Earthworms' Random Foraging Might Be Tamed by TillageBy
In their blind search for food, earthworms play an unseen but critical role
in agriculture. Someday, farmers might be able to boost this helpful role with
tillage methods that "herd" earthworms towards their food supply--and
help guard water quality.
Once a worm stumbles on its food source--decaying crop stubble--it keeps
coming back for more, according to a study at the
Agricultural Research Service. The
implication is, worms can be "taught" how to help soil--and
farms--become more productive and environmentally friendly.
Lab studies led by ARS soil scientist Dennis R. Linden in St. Paul, Minn.,
show that one common earthworm, Aporrectodea tuberculata, excavates 3
feet of tunnel per week. It swallows most of its work into its 2- to 2½-inch-long
body. The ten worms per square foot used in the study is equivalent to 435,600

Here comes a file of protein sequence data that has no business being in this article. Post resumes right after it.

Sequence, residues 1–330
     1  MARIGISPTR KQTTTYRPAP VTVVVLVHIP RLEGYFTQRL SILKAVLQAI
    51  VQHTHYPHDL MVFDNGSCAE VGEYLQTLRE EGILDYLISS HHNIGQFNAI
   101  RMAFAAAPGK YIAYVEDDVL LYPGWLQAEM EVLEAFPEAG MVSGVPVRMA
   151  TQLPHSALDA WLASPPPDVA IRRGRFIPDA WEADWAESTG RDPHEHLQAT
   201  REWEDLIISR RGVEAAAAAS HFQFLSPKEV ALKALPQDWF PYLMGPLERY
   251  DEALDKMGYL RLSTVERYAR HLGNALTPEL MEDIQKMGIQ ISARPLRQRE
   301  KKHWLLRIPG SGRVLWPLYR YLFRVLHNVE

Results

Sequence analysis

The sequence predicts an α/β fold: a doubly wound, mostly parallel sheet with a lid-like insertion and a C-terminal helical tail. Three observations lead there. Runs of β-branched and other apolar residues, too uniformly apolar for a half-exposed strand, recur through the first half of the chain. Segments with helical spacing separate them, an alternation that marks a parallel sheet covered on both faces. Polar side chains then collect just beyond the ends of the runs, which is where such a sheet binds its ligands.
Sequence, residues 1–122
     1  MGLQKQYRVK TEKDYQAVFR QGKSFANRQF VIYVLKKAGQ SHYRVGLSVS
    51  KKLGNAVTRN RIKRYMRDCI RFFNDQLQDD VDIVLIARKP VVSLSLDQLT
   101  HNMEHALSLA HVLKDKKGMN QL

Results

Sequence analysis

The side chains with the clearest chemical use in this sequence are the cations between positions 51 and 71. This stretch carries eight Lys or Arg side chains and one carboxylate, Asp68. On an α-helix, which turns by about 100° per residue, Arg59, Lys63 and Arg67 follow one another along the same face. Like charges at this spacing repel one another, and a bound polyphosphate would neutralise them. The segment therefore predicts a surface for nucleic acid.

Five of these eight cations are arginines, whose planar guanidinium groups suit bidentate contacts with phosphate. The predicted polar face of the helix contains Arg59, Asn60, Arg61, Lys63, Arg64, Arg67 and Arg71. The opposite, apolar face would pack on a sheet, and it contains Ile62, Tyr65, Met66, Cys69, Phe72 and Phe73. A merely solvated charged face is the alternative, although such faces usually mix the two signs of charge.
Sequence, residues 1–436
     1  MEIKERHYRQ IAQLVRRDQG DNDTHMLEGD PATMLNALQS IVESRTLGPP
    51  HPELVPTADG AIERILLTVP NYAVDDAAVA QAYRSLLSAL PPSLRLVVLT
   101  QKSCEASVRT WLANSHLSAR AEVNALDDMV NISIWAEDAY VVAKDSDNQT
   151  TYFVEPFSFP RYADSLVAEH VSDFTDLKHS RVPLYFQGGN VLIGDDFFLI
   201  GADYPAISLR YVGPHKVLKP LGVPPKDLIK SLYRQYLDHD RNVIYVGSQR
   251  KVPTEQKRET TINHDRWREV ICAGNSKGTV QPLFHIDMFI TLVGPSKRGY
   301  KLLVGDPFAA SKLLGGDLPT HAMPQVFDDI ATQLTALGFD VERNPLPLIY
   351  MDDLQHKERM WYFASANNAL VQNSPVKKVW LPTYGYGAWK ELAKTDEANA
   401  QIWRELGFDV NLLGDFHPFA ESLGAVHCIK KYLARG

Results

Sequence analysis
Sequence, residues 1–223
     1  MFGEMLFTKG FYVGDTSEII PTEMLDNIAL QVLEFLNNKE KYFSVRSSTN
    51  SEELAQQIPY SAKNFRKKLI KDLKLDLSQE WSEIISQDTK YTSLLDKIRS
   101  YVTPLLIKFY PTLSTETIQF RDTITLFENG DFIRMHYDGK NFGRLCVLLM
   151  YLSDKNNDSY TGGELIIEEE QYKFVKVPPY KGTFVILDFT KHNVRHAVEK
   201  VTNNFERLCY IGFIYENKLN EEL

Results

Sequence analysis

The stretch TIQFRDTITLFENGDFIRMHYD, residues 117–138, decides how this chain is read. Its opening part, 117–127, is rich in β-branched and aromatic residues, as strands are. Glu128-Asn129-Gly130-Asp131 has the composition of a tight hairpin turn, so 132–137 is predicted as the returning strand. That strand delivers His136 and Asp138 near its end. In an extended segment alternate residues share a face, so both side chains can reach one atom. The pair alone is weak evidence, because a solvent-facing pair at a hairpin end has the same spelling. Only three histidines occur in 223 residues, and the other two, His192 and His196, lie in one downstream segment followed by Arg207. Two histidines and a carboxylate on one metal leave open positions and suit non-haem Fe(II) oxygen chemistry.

worms an acre--enough to dig almost 250 miles of tunnels in a week.
Earthworm tunnels help loosen soil, create fertile soil clods or aggregates,
provide paths for roots, redistribute organic matter and drain and aerate soil.
Scientists have long known that the benefits can include better crop yields and
less soil erosion.
More recent ARS studies suggest tunneling may also help keep water free of
chemicals. Vertical tunnel patterns give water a relatively chemical-free route
downward, and the soil in the organic-rich burrows harbors more beneficial
microbes to degrade pesticides and fertilizers.
Linden and University of Minnesota graduate student Sabrina M.F. Cook
discovered that an earthworm searches randomly until it tastes food. Then it
keeps returning for more. The patterns of these return trips depend on the kind
of tillage. With reduced tillage, crop stubble is left on the ground. This
concentrates organic matter near the surface so the worms form a network of
burrows and depressions that funnel water vertically. Plowing, which buries
crop residue, leads to more horizontal, meandering burrows that slow down soil
water. Linden plans field studies to see how tillage can be designed to
encourage vertical tunneling.
Scientific contact: Dennis R. Linden, USDA-ARS
Water Management Unit, St. Paul, Minn., phone (612) 625-6798, fax 649-5175,